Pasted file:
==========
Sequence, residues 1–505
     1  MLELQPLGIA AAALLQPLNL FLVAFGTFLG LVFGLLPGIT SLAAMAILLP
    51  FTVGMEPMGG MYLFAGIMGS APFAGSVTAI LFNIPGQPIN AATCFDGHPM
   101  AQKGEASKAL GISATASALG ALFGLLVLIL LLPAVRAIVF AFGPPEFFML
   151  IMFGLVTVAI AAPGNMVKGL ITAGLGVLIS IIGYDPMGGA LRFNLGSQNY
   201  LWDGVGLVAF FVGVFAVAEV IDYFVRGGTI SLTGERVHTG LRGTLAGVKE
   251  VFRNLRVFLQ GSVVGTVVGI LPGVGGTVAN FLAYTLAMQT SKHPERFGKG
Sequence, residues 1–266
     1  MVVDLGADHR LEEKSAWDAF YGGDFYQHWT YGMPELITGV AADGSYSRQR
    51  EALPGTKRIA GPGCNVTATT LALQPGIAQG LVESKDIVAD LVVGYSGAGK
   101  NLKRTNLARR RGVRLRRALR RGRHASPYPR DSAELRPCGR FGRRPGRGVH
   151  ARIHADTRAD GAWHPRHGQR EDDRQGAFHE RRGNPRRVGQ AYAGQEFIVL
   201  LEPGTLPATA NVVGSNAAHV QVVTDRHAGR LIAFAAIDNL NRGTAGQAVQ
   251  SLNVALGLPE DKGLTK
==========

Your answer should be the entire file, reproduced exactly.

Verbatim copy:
Sequence, residues 1–505
     1  MLELQPLGIA AAALLQPLNL FLVAFGTFLG LVFGLLPGIT SLAAMAILLP
    51  FTVGMEPMGG MYLFAGIMGS APFAGSVTAI LFNIPGQPIN AATCFDGHPM
   101  AQKGEASKAL GISATASALG ALFGLLVLIL LLPAVRAIVF AFGPPEFFML
   151  IMFGLVTVAI AAPGNMVKGL ITAGLGVLIS IIGYDPMGGA LRFNLGSQNY
   201  LWDGVGLVAF FVGVFAVAEV IDYFVRGGTI SLTGERVHTG LRGTLAGVKE
   251  VFRNLRVFLQ GSVVGTVVGI LPGVGGTVAN FLAYTLAMQT SKHPERFGKG
Sequence, residues 1–266
     1  MVVDLGADHR LEEKSAWDAF YGGDFYQHWT YGMPELITGV AADGSYSRQR
    51  EALPGTKRIA GPGCNVTATT LALQPGIAQG LVESKDIVAD LVVGYSGAGK
   101  NLKRTNLARR RGVRLRRALR RGRHASPYPR DSAELRPCGR FGRRPGRGVH
   151  ARIHADTRAD GAWHPRHGQR EDDRQGAFHE RRGNPRRVGQ AYAGQEFIVL
   201  LEPGTLPATA NVVGSNAAHV QVVTDRHAGR LIAFAAIDNL NRGTAGQAVQ
   251  SLNVALGLPE DKGLTK